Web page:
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3) Geppetto in Pinocchio

Pinnochio 5 Of Film’s Greatest Puppetmasters

Perhaps the best known puppetmaster, or rather puppetmaker, in all of cinematic history is that lovable woodcarver from Disney’s Pinocchio, Geppetto. Similar to Truman and Christof, Geppetto and Pinnochio have a kind of father-son relationship, although it’s a little different here because Geppetto actually made Pinnochio, like out of wood, formed with his own hands.

Pinnochio could also been seen as an inverse Being John Malkovich, or rather, Malkovich is like an inverse Pinnochio. Instead of a living person being turned into a puppet, Pinnochio is a puppet who, through the good Disney virtues of being truthful and considerate, is granted the wish of becoming a sentient being of sorts. So you’ve got this puppet who’s come to life, and a puppetmaster who wished for it himself. It’s interesting that instead of desiring the power to control another person, Geppetto’s wish is for this object that requires his manipulation to operate without it.

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4) Comte Paul de Reynaud in Chocolat

Chocolat1 5 Of Film’s Greatest Puppetmasters

Lasse Hallstrom’s 2000 film Chocolat offers an analogy of the God-human relationship as involving a degree of puppetry, but demonstrates the common sense interpretation of God ultimately in control of humanity being flipped on its head, and instead offers the position that maybe it’s humans that are treating God as their puppet, using him as an authoritative figure through which people can be controlled.

There’s one shot in the film that I have talked about before and will talk about again. It consists of a church interior, beginning high above the back of the minister, showing him towering over the congregation. Like, really towering. He’s looking way, way down on him, putting him in the position of God, visually. Then it swoops down into the pews, slowly gliding over the congregants until it reaches Alfred Molina, continuing to close it tight on his face, and you see him mouthing all the words of the preacher’s sermon as he says them. Because he’s the dude who wrote this guy’s sermon for him. So advance his agenda or something. Who cares what the rest of the movie’s about; that right there is absolutely fabulous filmmaking.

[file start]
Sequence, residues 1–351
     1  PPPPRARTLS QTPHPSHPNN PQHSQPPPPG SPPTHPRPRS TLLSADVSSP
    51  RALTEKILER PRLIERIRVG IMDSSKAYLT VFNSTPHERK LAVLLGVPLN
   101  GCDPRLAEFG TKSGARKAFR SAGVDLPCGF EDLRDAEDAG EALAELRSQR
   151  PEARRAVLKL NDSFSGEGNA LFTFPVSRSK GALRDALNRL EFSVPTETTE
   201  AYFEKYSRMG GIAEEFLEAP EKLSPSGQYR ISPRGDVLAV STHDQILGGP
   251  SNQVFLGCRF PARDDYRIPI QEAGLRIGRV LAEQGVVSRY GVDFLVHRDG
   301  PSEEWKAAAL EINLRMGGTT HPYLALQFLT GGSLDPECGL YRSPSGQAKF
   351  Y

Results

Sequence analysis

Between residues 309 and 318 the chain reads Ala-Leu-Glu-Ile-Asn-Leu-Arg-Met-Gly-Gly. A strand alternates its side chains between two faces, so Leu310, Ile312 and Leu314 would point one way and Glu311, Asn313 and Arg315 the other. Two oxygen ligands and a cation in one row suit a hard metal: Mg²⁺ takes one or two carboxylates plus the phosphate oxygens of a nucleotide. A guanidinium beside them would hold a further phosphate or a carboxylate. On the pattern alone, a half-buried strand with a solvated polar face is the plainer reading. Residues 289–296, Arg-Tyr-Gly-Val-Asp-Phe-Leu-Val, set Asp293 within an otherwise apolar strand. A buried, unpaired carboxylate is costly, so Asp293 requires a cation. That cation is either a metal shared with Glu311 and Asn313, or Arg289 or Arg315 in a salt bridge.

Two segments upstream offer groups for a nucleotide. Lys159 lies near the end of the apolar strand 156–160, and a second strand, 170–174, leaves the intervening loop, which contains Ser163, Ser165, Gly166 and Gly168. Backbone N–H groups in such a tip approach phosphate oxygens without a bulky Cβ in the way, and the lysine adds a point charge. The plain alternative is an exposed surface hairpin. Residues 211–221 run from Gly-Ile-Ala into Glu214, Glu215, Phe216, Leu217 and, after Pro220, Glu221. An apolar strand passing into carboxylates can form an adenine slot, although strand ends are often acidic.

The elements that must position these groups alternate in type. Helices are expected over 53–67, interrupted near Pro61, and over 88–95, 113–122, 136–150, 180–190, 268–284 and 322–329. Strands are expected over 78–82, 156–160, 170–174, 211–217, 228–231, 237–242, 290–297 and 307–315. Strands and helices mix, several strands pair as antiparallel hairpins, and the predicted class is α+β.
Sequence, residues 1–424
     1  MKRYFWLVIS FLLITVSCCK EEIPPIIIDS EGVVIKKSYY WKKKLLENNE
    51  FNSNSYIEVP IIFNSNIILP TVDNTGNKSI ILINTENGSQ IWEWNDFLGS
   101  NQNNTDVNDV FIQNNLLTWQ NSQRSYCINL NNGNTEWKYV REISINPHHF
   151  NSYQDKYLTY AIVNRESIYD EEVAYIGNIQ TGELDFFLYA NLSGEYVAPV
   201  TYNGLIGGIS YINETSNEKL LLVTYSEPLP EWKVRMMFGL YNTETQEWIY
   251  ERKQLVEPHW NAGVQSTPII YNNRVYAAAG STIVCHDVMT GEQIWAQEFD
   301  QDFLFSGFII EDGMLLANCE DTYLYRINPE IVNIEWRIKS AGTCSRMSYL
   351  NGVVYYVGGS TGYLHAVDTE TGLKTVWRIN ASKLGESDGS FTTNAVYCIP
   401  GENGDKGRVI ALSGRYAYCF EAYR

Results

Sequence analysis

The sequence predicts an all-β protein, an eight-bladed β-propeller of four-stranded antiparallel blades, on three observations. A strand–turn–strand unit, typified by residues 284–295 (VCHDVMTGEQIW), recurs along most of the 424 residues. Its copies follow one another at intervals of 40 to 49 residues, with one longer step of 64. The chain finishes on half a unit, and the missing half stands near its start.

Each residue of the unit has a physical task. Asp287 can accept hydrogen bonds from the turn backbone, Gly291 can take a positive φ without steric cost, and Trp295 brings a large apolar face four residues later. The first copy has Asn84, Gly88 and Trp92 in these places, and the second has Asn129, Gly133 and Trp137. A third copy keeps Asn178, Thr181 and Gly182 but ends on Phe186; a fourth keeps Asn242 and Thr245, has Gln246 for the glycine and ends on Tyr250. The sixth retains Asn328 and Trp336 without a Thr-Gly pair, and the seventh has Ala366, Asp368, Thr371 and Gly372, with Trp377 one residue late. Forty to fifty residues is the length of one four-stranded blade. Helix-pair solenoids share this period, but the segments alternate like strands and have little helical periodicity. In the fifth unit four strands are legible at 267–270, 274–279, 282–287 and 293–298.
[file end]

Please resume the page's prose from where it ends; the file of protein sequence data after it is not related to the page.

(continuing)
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5) Bruce in Bruce Almighty

Bruce Almighty 640x360 5 Of Film’s Greatest Puppetmasters

The puppetmaster in Bruce Almighty is God, sort of, or at least it’s the divine powers of the supreme being that is Morgan Freeman. Bruce is granted these godly powers to teach him a lesson of some sort, doesn’t really matter. What matters is the resulting goofy sequences involving Steve Carell being controlled by Jim Carrey. And other hilarious hijinks of course.

You can see why it might be fun for filmmakers to play around with this kind of material. In the case of Bruce, it’s almost like the way Judd Apatow and other comedy directors will throw lines at their actors while shooting, and they’re expected to just repeat them back for the camera to capture. Christof is doing the exact same thing to the people in Truman’s life when it calls for it. There are varying levels of control at play, but the theme that runs throughout the differing expressions has to do with some aspect of the seduction of power and how difficult it is to let go of having control over another human being. Then of course this has all sorts of philosophical and religious implications about to what degree we’re all puppets, whether by our surrounding circumstances or by some divine power.

And it doesn’t stop there. To what extent are we all the puppets of the people whose movies we’re watching? Our emotions and thoughts are in the palms of their hands, being shaped and molded with every image and sound and piece of background music. It’s a power relationship all of its own, audience and artist, and as much as we try to take back some of the power by asserting our own thoughts online, ultimately we’re the ones submitting, with our beloved filmmakers pulling on our little strings.